Assistive technologies include, but are not limited to, the following:

Allows any electronic text that can be highlighted to be read aloud by a computer or mobile device.
Allows a computer or enabled hand held device to be trained in how you speak, and once trained, to write down everything you dictate into any active textbox.
Enables students to recall, plan, practise speeches, practise pronunciations, and dictate information.
Provides a multisensory learning experience and there are a large number of apps that can be used to support students across a variety of learning areas.
Uses phonetic patterns to suggest words for a poor speller when a computer is not available.
Uses phonetic and grammar patterns to suggest words as each letter/word is typed.
Displays a picture of a page rather than the text headings or written content of a webpage.
Used to support reading and writing. Includes templates for writing, graphic organisers, grammar checkers, and study tools.
Provides support for the development of phonological awareness and phonics.
Can be used with reading software and mp3 players/iPods.

The applications of AT are far and wide for each student. The usefulness of AT will vary depending on each student’s ease at using the AT and depending on their individual needs and difficulties.

Examples of effective AT options for the student with a learning disability:

  • The use of multimedia and electronic information allows students with reading disabilities to improve their comprehension of a topic or idea without being dependent on their reading ability;
  • Computers and word processors can reduce the burden of editing and re-writing assignments, making the writing process faster and allowing students to work more independently;
  • A photo taken with any device that has a camera may be used instead of copying information from a whiteboard. This information can be stored digitally and in some cases converted to text;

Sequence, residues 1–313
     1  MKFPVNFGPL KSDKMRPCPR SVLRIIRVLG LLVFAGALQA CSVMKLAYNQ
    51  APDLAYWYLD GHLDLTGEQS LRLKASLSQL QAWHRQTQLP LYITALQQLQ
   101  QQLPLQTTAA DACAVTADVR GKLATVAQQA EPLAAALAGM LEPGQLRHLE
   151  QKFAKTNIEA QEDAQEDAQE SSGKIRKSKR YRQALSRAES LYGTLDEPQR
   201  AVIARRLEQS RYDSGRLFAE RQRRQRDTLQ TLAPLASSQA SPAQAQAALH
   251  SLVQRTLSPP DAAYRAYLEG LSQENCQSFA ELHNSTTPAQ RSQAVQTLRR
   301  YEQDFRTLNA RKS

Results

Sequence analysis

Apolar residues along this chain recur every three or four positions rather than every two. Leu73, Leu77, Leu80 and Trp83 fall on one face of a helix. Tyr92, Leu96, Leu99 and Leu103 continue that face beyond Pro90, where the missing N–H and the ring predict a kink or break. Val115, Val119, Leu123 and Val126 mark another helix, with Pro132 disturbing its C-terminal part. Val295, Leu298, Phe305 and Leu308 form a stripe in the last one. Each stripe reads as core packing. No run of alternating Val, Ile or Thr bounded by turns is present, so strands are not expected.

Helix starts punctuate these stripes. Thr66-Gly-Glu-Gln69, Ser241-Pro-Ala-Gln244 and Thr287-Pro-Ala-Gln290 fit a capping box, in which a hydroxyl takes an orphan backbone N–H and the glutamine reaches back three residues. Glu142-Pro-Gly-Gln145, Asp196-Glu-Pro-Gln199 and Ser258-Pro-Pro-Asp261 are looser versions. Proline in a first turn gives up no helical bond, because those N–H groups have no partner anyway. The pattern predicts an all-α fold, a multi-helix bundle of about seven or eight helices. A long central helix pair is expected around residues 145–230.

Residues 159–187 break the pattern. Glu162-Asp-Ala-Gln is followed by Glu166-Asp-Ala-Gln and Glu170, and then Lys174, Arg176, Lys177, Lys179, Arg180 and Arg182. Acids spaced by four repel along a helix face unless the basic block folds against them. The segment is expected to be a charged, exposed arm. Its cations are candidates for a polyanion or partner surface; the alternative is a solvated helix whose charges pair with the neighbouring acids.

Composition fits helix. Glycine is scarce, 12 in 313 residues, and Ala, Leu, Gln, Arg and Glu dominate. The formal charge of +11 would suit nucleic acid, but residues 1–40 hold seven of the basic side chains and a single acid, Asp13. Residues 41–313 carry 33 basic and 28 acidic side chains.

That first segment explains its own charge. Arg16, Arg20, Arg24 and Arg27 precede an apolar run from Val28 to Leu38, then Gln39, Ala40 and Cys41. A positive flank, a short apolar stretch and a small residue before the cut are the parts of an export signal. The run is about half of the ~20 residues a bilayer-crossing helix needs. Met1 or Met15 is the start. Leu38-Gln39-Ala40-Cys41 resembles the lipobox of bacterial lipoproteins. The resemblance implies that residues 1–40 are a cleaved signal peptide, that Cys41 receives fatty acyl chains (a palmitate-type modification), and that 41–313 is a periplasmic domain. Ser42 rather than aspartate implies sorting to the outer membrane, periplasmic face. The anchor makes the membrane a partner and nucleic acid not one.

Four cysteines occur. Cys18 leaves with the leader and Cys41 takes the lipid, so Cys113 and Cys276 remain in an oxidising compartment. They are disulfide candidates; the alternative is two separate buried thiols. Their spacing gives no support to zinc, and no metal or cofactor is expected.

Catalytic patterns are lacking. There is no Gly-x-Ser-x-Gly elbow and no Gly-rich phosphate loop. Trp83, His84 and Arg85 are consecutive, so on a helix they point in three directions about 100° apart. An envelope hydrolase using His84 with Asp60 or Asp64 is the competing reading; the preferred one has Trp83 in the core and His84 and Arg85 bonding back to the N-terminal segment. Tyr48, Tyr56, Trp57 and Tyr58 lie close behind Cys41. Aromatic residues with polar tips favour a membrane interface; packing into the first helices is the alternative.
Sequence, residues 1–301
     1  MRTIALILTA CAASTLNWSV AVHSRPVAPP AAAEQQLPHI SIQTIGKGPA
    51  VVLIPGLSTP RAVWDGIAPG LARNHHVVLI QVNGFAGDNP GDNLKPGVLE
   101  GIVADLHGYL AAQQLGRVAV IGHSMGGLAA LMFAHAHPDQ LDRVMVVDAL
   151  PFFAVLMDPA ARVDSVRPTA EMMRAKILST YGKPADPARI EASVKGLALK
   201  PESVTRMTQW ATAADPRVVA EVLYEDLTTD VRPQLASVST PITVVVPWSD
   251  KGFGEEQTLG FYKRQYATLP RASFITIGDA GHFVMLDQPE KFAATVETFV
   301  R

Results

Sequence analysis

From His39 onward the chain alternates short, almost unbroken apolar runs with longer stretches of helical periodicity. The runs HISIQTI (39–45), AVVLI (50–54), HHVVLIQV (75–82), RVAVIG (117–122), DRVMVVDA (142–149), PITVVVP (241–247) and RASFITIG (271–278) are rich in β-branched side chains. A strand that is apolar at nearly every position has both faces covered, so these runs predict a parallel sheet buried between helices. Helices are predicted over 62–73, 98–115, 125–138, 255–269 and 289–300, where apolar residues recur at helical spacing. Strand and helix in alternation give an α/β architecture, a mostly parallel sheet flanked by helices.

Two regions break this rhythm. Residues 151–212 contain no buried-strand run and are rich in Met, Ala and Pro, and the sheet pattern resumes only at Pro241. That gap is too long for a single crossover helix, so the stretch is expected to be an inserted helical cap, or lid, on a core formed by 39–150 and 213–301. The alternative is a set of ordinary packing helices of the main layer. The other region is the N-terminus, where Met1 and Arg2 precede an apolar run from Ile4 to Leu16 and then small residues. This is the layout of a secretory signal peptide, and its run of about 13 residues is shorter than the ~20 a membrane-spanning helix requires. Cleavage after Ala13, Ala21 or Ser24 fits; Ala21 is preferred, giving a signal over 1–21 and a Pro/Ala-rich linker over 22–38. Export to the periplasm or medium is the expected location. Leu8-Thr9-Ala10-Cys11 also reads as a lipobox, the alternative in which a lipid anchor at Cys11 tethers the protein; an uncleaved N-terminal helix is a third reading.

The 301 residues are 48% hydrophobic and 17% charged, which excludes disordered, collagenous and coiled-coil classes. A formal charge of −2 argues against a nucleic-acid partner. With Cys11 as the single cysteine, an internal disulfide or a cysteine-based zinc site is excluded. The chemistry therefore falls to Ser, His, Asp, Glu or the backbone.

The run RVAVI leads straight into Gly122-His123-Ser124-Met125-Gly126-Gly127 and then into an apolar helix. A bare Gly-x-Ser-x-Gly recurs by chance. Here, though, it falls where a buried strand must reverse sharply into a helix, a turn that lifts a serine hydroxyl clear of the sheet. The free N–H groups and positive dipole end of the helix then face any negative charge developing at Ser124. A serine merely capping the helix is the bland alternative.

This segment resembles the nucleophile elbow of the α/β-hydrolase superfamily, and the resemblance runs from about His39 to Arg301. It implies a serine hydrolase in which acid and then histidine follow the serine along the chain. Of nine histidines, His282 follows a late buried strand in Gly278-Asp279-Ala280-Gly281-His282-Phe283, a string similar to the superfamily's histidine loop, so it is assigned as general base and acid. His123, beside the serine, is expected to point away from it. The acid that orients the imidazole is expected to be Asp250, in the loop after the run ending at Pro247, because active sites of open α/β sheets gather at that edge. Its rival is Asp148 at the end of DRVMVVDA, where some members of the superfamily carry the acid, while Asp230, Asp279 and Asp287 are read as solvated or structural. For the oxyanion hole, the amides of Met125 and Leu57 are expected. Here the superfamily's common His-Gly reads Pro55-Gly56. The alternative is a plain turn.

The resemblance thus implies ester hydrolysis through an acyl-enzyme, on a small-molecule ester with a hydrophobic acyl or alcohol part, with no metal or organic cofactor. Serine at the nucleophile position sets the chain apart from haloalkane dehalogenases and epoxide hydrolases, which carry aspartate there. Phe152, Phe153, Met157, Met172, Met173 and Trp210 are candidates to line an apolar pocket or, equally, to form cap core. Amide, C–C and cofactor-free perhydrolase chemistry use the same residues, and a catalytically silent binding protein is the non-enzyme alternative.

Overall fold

• An MP3 recorder on any device can record ideas and help overcome short term memory difficulties

When should Assistive Technology be introduced?

Some students will find it very beneficial to use assistive technology and educational software to support the early development of literacy skills and letter-sound awareness. Other students will find that their need for AT does not emerge until much later in their education.

Matching students’ needs with the use of assistive technology should happen when the need arises.

Early on in Primary school, students are more likely to benefit from the use of educational software and online learning programs to help support reading and spelling development. Students at this level are also likely to benefit from the multisensory nature of iPads, tablets and the interactive whiteboard.

In Upper Primary and Secondary school, the use of AT may be extended to the provision of assistive technology to accommodate for the difficulties that the student may be experiencing. Software such as Text to Speech allows for better comprehension of information and independent learning, whilst software to support the writing process can be introduced to assist with the high demand on writing in the later years of school.

Technology to assist with organisation, study skills, time management and memory can be introduced at any stage.